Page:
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Why aren’t the powers that be tackling the jobs crisis?

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Washington is the only city in America where housing values are going up. That may help explain why the political class is so divorced from the nation’s agonies. Sure, the entire nation celebrated the dispatch of Osama bin Laden, but when it comes to the economy, the Beltway is a world unto itself.

Two years from the official beginning of the “recovery,” America continues to suffer a deep and punishing jobs crisis. One in six Americans of working age is unemployed or underemployed. College students, laden with record levels of debt, are graduating into the worst jobs market since the Great Depression. Long-term unemployment is at unprecedented levels. At current rates of job growth, we won’t return to pre-recession employment levels until 2016. And the jobs that are being created — largely in the service industry — tend to have lower pay and benefits than the jobs that were lost.

Republicans won big in 2010 elections with now-House Speaker John Boehner bellowing coast to coast, “Where are the jobs?” But since coming to Washington, the Tea Party-dominated House has focused on everything but jobs — moving to repeal health-care reform, cripple financial reform, assail the Environmental Protection Agency, defund Planned Parenthood and NPR, and enact savage cuts in domestic spending.

Perhaps the reason is that the party is bereft of ideas on how to create jobs. Last week, Senate Republicans chose freshman Sen. Rob Portman (R-Ohio) to roll out a seven-point “Senate Republican Jobs Plan.” Portman, the Office of Management and Budget director under George W. Bush, was a curious choice, since he contributed to the administration that ran up record deficits, and produced zero job growth and declining incomes while driving the economy off the cliff.

Turns out this wasn’t an accident, since much of the new Republican agenda is the old Bush agenda. The argument remains the same: The way to recover from the Great Recession is to go back to the policies that drove us into it — more top-end and corporate tax cuts, more deregulation, more corporate trade accords. Now those who brought us disaster would add deep and immediate spending cuts, including “entitlement reform” (read cutting Social Security and ending Medicare and Medicaid as we know them). And then they would lard on the hot-button conservative fixations du jour — repeal health-care reform, stop “card check” for unions, stop the EPA from regulating greenhouse gases, subsidizing nuclear power and “drill, baby, drill.”

Hard to take any of this seriously. Tax cuts would add to the cash that companies are sitting on, while they wait for customers to show up. Cuts in spending would add to government layoffs. Pushing deregulation two years after Wall Street excesses blew up the economy takes chutzpah, not common sense. The three Bush trade accords — Panama, Colombia and South Korea — will not make a measurable difference for jobs one way or another. Even Portman didn’t seem to be paying much attention; he rolled out the plan in front of an Ohio manufacturing plant that has been subsidized by the stimulus plan and alternative-energy subsidies that Republicans are committed to ending.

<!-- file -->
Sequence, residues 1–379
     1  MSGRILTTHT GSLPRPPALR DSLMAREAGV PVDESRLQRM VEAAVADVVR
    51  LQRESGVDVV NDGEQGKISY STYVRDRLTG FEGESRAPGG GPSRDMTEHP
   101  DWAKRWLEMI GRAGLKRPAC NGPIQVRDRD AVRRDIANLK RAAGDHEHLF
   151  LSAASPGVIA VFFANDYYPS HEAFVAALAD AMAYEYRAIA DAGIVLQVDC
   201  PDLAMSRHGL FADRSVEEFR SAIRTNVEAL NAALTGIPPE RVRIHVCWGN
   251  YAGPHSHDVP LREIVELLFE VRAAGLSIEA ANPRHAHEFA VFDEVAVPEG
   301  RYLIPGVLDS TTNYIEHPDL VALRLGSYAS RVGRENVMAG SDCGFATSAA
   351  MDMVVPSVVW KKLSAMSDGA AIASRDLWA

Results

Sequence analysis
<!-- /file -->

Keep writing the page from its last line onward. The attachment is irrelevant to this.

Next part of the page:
The next day, House Democrats unveiled their more ambitious “Make It in America” plan. This recognizes that the country can’t keep shipping jobs abroad while borrowing $2 billion a day from abroad to pay for what we import. The package contains its share of political malarkey — the Braley bill to ensure that all American flags are made in America, for example — but at its center is a serious strategy for revitalizing the country, one that deserves far more attention and debate than it’s getting. It tasks the president with creating a manufacturing strategy for the country. It would establish an infrastructure bank and invest in rebuilding America’s decrepit roads and bridges. A range of incentives are proposed for capturing a lead in the green industrial revolution that will sweep the world. The plan also would legislate buy-America procurement policies to help create markets at home while setting up a mechanism to challenge Chinese currency manipulation .

Yet even this plan slights present dangers of mass unemployment — failing to call for federal aid to the states and cities to avoid layoffs of police officers and teachers, and failing to provide public jobs for the young who are unable to find work under current conditions.

As Ezra Klein of The Washington Post noted, it is a measure of Washington’s remove from the country that the two plans were unveiled by the two bodies with the least power to make anything happen — the minority House Democrats and the minority Senate Republicans. Those who do have the power — the White House, the House Republican majority and the Senate Democratic majority — remain silent about jobs. Instead, they are locked in a macabre dance to the death on deficits — oblivious to the human casualties caused by mass unemployment.

This might be diversionary, at best, were America not in such dire straits. Home values are falling again. Wages aren’t keeping up with prices. States and cities are laying off more employees. The trade deficit is rising, despite the lower dollar. Masked by the statistic of 9 percent unemployment are 25 million people in need of full time work. Mass unemployment, particularly in a society like ours with such a limited safety net, is a tale of misery, one that resounds across the country and goes virtually unheard in our capital. Americans think Washington isn’t listening — and they are right.

Katrina vanden Heuvel is editor and publisher of The Nation . She writes a weekly online column for The Post.

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